William Rawlinson (Commissioner)

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Sir William Rawlinson (1640–1703) was an English serjeant-at-law and Commissioner for the Great Seal of the Realm between 1688 and 1693.

Early life[edit]

Rawlinson was the second son of William Rawlinson, of Graithwaite and Rusland Hall, Lancashire, and was born at Graithwaite on 16 June 1640.[1] His father had captained in a troop of parliamentary volunteers during the civil war, serving at Marston Moor and Ribble Bridge. His mother was Elizabeth Sawrey, daughter of Anthony Sawrey of Plumpton.[2][3] He was educated at Hawkshead School and was admitted at Christ's College, Cambridge, on 13 April 1655, aged 15. He was admitted at Gray's Inn on 20 February 1657, and in 1667 was called to the bar.[1]


Rawlinson became a chancery lawyer.[4] In Easter term 1686 he became a serjeant-at-law, and in 1688 at the revolution he was appointed one of the three Commissioners for the Great Seal.[5] He helped to draft the amendments to the act which authorised the commissioners to execute the office of Lord Chancellor in March 1689[6][7] He was knighted by King William III at Hampton Court on 5 March 1689.[8] In November 1690 he gave evidence before the House of Lords against the bill to reform the abuses of the court of chancery, and was allowed a chair in view of his infirmities.[9][10] Rawlinson acted as commissioner of the seal for three years, but in March 1693 Sir John Somers became sole keeper. Somers also opposed the king's proposal to appoint Rawlinson chief Baron of the Exchequer to replace Sir Robert Atkyns, arguing that he was ignorant of common law.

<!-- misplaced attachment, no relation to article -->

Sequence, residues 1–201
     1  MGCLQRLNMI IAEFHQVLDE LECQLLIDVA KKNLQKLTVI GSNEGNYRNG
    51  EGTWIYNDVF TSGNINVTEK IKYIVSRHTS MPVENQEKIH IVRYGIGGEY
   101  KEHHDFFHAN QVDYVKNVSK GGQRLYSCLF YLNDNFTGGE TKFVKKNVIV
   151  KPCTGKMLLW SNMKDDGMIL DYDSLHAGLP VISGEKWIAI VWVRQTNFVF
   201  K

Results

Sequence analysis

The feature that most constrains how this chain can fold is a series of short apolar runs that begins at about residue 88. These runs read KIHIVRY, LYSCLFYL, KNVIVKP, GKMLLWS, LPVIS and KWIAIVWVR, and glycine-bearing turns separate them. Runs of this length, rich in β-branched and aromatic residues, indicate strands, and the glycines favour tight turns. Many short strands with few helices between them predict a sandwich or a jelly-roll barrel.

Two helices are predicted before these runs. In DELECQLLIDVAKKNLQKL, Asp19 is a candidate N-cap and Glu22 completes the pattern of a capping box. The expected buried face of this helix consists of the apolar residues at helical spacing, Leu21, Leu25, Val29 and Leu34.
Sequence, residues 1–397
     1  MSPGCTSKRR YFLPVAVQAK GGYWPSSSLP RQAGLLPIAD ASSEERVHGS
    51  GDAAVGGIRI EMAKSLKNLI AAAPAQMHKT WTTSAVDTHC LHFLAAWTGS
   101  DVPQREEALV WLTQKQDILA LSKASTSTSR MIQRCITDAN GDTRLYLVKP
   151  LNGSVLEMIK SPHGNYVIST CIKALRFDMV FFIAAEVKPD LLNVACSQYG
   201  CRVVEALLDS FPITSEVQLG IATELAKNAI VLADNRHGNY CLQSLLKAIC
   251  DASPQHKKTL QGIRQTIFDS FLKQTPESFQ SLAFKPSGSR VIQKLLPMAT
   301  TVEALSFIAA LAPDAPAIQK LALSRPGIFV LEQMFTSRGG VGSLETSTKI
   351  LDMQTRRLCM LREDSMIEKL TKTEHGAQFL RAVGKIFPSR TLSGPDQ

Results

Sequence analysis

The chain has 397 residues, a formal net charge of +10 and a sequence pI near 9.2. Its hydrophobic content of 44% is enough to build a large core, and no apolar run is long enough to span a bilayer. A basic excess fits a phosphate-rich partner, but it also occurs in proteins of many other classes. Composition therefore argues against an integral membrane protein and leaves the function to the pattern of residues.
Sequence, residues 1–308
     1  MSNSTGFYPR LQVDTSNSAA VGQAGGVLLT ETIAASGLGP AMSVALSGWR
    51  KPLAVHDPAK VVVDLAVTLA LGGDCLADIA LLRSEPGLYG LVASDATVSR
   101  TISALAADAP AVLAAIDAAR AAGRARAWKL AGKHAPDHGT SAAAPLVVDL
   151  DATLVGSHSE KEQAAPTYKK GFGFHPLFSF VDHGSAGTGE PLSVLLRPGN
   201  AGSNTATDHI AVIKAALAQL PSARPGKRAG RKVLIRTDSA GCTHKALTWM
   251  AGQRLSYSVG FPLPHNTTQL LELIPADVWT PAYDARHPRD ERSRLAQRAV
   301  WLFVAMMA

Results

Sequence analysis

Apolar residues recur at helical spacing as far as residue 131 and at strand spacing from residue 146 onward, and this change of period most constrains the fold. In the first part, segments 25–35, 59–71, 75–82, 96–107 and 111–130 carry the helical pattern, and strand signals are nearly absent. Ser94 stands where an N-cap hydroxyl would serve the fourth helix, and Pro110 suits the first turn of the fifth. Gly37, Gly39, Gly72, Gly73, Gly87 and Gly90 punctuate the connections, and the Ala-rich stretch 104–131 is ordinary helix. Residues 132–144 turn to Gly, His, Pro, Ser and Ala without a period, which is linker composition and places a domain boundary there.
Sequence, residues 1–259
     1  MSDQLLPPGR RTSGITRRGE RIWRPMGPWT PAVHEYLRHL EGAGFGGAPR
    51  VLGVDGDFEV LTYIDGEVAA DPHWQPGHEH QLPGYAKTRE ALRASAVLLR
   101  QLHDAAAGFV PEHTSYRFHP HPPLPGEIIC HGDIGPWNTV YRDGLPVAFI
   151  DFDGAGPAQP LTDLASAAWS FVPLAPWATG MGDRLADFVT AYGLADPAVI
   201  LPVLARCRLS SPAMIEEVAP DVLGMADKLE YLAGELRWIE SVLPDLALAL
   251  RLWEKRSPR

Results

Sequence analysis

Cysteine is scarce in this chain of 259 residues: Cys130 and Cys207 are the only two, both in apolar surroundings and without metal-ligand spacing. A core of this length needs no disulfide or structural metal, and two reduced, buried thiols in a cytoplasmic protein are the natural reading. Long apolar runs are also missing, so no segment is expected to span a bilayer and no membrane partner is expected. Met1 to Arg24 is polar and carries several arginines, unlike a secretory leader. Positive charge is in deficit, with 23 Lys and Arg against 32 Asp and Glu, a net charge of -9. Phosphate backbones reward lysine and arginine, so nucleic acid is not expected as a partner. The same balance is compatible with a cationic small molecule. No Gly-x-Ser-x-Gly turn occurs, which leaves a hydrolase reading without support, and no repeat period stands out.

Rawlinson returned to the bar, and in October 1697 he was as serjeant pleading for the Duke of Devonshire. In 1695 Godolphin tried again to secure him promotion but without success.[11]

Later life and legacy[edit]

Rawlinson died on 11 May 1703 at Hendon, where he had purchased an old mansion, Whichcotes, in Brent Street. He was buried in Hendon church where there is a monument to his memory, with a long Latin inscription.[12]


Rawlinson was married twice. By his first wife he had two daughters, Elizabeth and Ann. Elizabeth married Gyles Earle and was the mother of William Rawlinson Earle[13] and Ann married John Aislabie and was the mother of William Aislabie.[14] His second wife was Jane Noseworthy, daughter of Edward Noseworthy of Devon, and his wife Honora Maynard, who was a daughter of Sir John Maynard (1602–1690). Their only child died in infancy.[15] Jane died in 1712, leaving £500 to establish a school for girls. She was buried in Ealing church, where a monument was erected.


  1. ^ a b "Rawlinson, William (RWLN655W)". A Cambridge Alumni Database. University of Cambridge.
  2. ^ John Burke A genealogical and heraldic History of the Commoners of Great Britain and Ireland, enjoying territorial possessions or high official rank, but uninvested with heritable honours, Volume 2 p. 304 1835
  3. ^ Foster, Lancashire Pedigrees
  4. ^ Hist. MSS. Comm. 11th Rep. pt. ii. passim
  5. ^ A Series of the Lords Chancellors, Keepers of the Great Seal, Masters of the Rolls, Vice-Chancellors, Chief Justices and Judges ... of England, from the reign of ... Elizabeth until the present day, etc p. 67
  6. ^ Hist. MSS. Comm. 12th Rep. vi. 67
  7. ^ Hist. MSS. Comm. 13th Rep. vii. 100
  8. ^ Luttrell, Relation, i. 506
  9. ^ Hist. MSS. Comm. 13th Rep. v. 130
  10. ^ Luttrell, Relation, ii. 128
  11. ^ Hist. MSS. Comm. 13th Rep. vii. 105
  12. ^ Find a Grave Sir William Rawlinson
  13. ^ "EARLE, William Rawlinson (1702-74), of Eastcourt House, Crudwell, Wilts". History of Parliament Online. Retrieved 27 October 2017.
  14. ^ "AISLABIE, William (?1699-1781), of Studley Royal, nr. Ripon, Yorks". History of Parliament Online. Retrieved 27 October 2017.
  15. ^ Foster, Lancashire Pedigrees; Lysons, Environs of London, ii. 230

External links[edit]


 This article incorporates text from a publication now in the public domainLee, Sidney, ed. (1896). "Rawlinson, William". Dictionary of National Biography. Vol. 47. London: Smith, Elder & Co.